Thanksgiving Day: 24 November, 2016

Thanksgiving Day: Thursday 24 November, 2016

the_first_thanksgiving_jean_louis_gerome_ferris

Thanksgiving Day is a federal holiday in the United States, celebrated on the fourth Thursday of November, the day that precedes  Black Friday

It traditionally starts the ‘holiday season’ in the United States, the Yuletide period and  for  many Americans it is as important as Christmas.

The first Thanksgiving Day was held in the city of El Paso, Texas in 1598. Another early event was celebrated in 1619 in the Virginia Colony and 1621, at the Plymouth Plantation, where the religious refugees from England (known  as the Pilgrims) invited the local Native Americans to a harvest feast after a particularly successful growing season. The previous year’s harvests had failed and in the winter of 1620 half of the pilgrims had starved to death but members of the local Wampanoag tribe had  taught them how to grow corn, beans and squash (the Three Sisters); catch fish, and collect seafood

However, their first true thanksgiving was in 1623, when they gave thanks for rain that ended a drought. These early thanksgivings took the form of a special church service, rather than a feast.

In the second half of the 1600s, thanksgivings after the harvest became more common and started to become annual events. However, they  were  celebrated on different days in different communities and in some places there was  more than one celebration each year.

George Washington, the first president of the United States, proclaimed the first national Thanksgiving Day on November 26, 1789. It was  ” a day of public thanksgiving and prayer to be observed by acknowledging with grateful hearts the many and signal favours of Almighty God”.

In 1941, President Franklin D. Roosevelt  changed  the national Thanksgiving Day from the last Thursday in November to the fourth Thursday, because there are sometimes five Thursdays in the month.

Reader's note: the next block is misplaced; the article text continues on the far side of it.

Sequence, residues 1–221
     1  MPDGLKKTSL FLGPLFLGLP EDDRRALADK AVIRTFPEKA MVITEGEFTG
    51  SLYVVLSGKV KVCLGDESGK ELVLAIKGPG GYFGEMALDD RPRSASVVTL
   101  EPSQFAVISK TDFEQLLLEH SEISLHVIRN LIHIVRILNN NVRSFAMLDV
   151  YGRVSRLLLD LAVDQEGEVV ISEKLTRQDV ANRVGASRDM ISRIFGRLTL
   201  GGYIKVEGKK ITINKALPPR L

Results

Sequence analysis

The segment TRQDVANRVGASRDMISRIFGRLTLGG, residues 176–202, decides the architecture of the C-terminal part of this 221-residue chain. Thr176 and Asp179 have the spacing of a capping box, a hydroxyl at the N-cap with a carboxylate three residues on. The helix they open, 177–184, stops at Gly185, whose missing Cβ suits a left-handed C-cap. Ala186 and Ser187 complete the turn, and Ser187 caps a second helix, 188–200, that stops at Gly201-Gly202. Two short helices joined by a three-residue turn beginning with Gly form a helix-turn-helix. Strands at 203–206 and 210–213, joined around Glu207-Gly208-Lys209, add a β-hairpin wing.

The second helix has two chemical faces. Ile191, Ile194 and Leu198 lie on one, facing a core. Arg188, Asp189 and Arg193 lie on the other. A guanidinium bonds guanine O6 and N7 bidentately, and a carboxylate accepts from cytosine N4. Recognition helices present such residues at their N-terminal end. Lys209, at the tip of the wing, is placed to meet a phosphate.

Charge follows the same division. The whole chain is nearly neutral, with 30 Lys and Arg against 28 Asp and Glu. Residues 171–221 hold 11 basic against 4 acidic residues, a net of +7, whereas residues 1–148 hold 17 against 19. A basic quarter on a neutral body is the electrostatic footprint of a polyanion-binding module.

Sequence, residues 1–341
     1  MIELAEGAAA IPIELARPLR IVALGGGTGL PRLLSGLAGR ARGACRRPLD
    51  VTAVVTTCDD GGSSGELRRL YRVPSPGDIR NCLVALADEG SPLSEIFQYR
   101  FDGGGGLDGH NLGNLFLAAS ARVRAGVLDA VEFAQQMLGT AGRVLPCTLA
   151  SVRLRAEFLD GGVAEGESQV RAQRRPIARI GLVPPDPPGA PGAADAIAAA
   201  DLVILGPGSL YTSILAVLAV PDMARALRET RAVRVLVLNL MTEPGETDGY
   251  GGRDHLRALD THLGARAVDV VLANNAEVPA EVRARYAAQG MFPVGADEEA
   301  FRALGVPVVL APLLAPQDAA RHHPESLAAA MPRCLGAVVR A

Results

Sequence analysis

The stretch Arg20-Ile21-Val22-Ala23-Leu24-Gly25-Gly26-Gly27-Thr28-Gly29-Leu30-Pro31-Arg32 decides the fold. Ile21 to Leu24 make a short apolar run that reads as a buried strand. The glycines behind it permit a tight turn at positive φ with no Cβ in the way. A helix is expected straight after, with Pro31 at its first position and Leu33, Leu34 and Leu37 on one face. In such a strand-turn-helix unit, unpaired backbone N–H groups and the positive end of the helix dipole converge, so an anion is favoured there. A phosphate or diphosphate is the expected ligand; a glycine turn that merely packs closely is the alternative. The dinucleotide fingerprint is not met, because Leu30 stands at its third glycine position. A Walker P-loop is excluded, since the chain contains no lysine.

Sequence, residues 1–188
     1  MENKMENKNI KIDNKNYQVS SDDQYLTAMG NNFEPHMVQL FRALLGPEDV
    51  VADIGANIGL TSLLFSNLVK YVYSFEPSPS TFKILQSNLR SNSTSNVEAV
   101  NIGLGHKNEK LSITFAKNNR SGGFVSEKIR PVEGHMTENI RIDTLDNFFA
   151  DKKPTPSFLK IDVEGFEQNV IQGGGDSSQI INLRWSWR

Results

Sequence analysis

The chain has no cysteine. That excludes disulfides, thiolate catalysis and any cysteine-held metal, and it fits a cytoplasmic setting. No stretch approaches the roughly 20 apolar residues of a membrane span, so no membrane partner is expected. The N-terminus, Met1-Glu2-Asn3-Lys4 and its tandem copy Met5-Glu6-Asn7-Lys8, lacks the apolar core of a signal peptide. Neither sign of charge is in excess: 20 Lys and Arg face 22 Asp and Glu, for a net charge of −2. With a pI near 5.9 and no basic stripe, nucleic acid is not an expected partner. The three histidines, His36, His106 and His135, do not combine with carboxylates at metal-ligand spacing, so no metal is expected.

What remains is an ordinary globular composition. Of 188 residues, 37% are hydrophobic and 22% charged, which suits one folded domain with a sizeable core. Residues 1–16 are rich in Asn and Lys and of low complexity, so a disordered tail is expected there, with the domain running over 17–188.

In modern times the President of the United States, in addition to issuing a proclamation, will pardon a turkey, sparing the bird’s life and ensuring it will spend the rest of its life free.This year,  President Obama will pardon one of two turkeys at the White House: either Tater or Tot will be allowed to live out its days at Virginia Tech. The other will unfortunately become the official national Thanksgiving turkey.

It will be up to President Trump to do the honors next year.

The turkey hasa become one of the traditional Thanksgiving dishes,  probably because in 1621 Pilgrim Edward Winslow wrote a letter about a now-famous meal, mentioning  a turkey hunt before the dinner.

When European settlers encountered turkeys for the first time in the early 1500s, they incorrectly identified the birds as a type of guineafowl, a group of birds thought to come from Turkey. This sort of ‘turkey fowl’ later became shortened to ‘turkey’ and entered the vernacular.   Yet, in  Portuguese the translation of turkey is ‘peru’., because those  exotic birds taken back to 16th century Portugal came from there.

Thanksgiving Day is traditionally a day for families and friends to get together for a special meal that  iconsissta of the above mentioned  turkey, along with stuffing, potatoes, cranberry sauce, gravy, pumpkin pie, and vegetables.

Other Thanksgiving traditions include football (like soccer on Boxing Day in the UK) and the Macy’s parade in New York City . This parade dates back to the 1920s when many of the immigrant workers at Macy’s department store enjoyed  celebrating the American holiday with same the sort of festival as their parents in Europe.

Even though Thanksgiving Day has been an annual holiday in the United States since 1863,  not  everyone sees this day as a cause for celebration. At this time of the year another celebration,  American Indian Heritage Day,  is observed

Advertisements

Leave a Reply

Fill in your details below or click an icon to log in:

WordPress.com Logo

You are commenting using your WordPress.com account. Log Out / Change )

Twitter picture

You are commenting using your Twitter account. Log Out / Change )

Facebook photo

You are commenting using your Facebook account. Log Out / Change )

Google+ photo

You are commenting using your Google+ account. Log Out / Change )

Connecting to %s